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Hindutva not to be poll issue: BJP

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July 18, 2003 18:51 IST

The Bharatiya Janata Party, on the first day of its national executive in Raipur, Chhattisgarh, on Friday, said Hindutva would not be an issue in the upcoming elections.

"Hindutva is the soul of India. We are proud of it, but it cannot be an election issue. Nor can Hindutva be projected as a narrow religious concept. We are committed to secularism, but are opposed to pseudo-secularism and appeasement for garnering minority votes," party president Venkaiah Naidu said in the inaugural address.

Prime Minister Atal Bihari Vajpayee, his deputy Lal Kishenchand Advani and over 150 delegates attended the conclave.

Later, party spokesperson Mukhtar Abbas Naqvi said, "Ayodhya is not a poll issue for us but if the opposition parties seek to create confusion or mislead people, we would give a befitting reply."

The party is expected to come out with a resolution on Ayodhya on Saturday, which would emphasize that the issue should be resolved through talks, which Naqvi said were still on.

In a bid to please the party's allies, Naidu told the BJP leaders that 'we are proud of our ideology. Do not hesitate to state our stand on any issue. But remember that we are leading a coalition government and there is no question of thrusting our agenda on any of our partners'.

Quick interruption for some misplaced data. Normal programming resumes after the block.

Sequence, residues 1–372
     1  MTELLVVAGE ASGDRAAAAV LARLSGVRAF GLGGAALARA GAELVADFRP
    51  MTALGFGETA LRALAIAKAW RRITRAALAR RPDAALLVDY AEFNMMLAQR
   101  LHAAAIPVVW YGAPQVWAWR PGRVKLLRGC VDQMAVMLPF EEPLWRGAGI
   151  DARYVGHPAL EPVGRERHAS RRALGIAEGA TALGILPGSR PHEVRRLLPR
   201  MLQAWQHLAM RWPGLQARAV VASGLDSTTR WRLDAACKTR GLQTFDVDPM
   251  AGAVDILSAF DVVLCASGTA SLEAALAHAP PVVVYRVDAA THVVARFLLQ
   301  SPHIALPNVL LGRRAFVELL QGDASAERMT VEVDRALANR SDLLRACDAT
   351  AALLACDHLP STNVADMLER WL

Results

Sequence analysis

He also said the main theme of the party's campaign would be national security, national unity, good governance and development.

Naqvi said both Kashi and Mathura were not on the BJP's agenda and the 'Vishwa Hindu Parishad does not set our agenda'.

Asked whether Congress president Sonia Gandhi's foreign origins would be an issue in the polls, he said, "We have no problem with the Congress making her or Pervez Musharraf (Pakistan president) its president. But having her as prime minister is an issue linked to country's national interest and security.

"Any person born on this soil (India) would be more sensitive and responsible towards self-respect of this country."

Naqvi said conversion would be a key issue in the elections to the Chhattisgarh assembly.

The BJP spokesperson said Naidu, in his address, had demanded effective steps to control the unbridled population growth and targeted the Left-front government in West Bengal for failing to reform the state economy.

Charging the Congress with once again taking up its 'rusted and blunted weapon of communalism', he said, "We are in the least bit worried by their shrill propaganda that BJP is an anti-secular party. We are prepared for an open debate on secularism."

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